The revolution has only just begun
Ten years is a short time in the politics of education
Ten years ago this month, I started blogging. On the anniversary — 12 July — I will post that original piece on this Substack. However, in advance, I would like to share some of what I have learned in the intervening year. I will lead with a spoiler — I do not know for sure. Yet I can point to some promising places to look.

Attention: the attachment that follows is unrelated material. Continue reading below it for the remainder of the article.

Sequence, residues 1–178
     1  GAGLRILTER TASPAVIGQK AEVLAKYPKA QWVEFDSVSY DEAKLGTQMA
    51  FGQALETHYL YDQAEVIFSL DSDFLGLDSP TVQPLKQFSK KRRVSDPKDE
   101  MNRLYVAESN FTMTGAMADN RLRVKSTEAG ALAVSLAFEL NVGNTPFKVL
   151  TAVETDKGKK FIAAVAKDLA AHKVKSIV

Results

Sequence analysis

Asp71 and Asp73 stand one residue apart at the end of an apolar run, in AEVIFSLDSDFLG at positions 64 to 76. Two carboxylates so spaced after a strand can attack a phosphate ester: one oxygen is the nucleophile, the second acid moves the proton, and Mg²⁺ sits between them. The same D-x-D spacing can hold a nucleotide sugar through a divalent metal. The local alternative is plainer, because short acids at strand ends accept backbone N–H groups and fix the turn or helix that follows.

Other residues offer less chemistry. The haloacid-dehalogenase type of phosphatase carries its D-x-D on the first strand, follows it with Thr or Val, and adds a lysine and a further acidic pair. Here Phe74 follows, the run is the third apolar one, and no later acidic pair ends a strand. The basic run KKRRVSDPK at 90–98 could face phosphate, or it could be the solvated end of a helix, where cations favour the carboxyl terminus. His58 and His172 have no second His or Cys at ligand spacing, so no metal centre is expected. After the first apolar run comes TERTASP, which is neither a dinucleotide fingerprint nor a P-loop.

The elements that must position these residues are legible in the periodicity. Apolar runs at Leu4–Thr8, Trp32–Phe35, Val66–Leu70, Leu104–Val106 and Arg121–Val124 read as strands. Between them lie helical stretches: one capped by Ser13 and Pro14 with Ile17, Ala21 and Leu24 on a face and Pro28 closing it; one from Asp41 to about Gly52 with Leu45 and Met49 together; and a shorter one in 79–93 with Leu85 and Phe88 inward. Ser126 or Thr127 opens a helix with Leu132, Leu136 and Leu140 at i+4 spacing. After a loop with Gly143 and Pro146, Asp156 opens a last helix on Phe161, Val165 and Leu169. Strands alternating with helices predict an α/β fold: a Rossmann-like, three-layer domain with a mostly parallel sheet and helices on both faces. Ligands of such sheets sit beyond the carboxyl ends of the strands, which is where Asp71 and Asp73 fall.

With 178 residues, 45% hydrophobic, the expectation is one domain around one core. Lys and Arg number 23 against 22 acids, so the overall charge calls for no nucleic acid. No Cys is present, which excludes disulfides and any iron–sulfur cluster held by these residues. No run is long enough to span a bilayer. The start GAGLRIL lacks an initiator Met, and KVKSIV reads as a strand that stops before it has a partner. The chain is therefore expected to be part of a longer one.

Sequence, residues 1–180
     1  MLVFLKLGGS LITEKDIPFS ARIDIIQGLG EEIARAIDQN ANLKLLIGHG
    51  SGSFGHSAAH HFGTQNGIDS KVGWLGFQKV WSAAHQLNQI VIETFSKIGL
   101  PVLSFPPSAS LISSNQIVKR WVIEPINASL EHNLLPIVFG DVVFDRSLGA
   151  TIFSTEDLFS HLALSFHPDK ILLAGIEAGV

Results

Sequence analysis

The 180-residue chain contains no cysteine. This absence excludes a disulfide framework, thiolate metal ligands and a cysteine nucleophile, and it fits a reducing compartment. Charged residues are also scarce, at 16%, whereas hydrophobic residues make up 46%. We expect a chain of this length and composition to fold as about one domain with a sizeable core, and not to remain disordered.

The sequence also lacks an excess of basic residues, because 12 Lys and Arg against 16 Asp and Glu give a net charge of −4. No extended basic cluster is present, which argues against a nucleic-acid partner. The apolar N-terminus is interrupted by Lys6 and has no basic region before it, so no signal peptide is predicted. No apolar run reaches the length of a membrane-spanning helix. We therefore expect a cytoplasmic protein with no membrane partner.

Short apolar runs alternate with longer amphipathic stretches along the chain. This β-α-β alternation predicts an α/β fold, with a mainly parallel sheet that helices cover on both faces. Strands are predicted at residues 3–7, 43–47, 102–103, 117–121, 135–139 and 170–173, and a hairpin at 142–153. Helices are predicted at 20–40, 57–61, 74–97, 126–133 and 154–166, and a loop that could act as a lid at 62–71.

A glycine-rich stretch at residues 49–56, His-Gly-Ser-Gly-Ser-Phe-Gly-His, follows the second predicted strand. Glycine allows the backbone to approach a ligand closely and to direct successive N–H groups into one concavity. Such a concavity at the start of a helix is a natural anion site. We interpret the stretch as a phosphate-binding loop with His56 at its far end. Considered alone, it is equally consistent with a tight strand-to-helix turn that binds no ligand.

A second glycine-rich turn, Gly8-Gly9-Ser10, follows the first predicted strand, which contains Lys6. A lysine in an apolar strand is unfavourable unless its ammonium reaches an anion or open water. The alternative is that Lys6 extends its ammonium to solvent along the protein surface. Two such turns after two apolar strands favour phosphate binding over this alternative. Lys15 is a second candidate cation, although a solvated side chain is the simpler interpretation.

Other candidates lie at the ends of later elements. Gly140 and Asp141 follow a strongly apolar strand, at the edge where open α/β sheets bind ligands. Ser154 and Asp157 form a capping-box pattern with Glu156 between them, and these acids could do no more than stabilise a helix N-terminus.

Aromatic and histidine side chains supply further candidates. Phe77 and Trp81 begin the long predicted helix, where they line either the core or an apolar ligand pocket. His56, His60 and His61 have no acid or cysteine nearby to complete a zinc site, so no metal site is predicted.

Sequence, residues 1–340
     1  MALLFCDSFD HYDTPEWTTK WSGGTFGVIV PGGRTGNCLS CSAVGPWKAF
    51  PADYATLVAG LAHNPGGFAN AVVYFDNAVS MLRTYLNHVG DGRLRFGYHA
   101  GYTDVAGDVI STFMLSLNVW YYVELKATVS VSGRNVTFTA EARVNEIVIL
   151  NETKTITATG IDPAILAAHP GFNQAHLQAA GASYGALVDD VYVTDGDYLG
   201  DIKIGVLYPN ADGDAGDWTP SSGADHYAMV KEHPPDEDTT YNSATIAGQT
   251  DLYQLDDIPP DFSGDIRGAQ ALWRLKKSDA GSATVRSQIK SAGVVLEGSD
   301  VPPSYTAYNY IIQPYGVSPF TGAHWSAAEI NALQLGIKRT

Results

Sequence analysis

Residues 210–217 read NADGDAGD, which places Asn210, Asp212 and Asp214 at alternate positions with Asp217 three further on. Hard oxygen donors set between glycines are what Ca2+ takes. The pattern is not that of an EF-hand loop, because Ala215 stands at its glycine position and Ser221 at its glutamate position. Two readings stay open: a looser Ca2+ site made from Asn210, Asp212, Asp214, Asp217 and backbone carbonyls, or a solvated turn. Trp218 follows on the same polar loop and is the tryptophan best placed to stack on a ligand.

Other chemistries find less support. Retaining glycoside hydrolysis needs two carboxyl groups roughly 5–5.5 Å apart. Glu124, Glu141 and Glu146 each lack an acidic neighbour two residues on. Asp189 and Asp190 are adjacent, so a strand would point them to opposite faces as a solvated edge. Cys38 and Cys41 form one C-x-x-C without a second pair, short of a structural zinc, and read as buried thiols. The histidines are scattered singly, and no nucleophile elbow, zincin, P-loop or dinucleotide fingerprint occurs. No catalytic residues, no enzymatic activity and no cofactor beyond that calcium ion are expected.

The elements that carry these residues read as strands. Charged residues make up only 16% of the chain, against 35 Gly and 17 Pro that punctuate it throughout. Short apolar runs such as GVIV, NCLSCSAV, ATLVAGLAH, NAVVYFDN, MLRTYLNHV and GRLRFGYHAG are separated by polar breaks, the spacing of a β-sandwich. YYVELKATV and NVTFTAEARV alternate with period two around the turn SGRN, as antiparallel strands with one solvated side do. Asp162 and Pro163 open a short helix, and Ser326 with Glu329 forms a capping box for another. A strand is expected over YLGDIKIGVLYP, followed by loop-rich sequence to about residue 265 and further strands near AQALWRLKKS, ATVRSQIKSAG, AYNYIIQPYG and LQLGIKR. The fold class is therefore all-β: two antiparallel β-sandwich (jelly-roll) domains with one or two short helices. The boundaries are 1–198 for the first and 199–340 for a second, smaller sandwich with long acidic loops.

One of those is England. I was never a blogger when I lived in England. I first starting writing down my thoughts two years after moving to Australia. But anyone who is interested in education is interested in what is happening in England — whether its innovations excite or appall them. England has gone further down the road of an alternative model of schooling — Academies — than the U.S. has with Charter Schools. It has had a government during this period that has been broadly supportive of a knowledge-rich curriculum, explicit teaching and efforts to tackle the poor behaviour that blights so many classrooms and schools. In essence, it has been the world’s test-lab for a decisive turn away from the shinily impractical and romantic form of progressivist education promoted by those such as Andreas Schleicher and the OECD.
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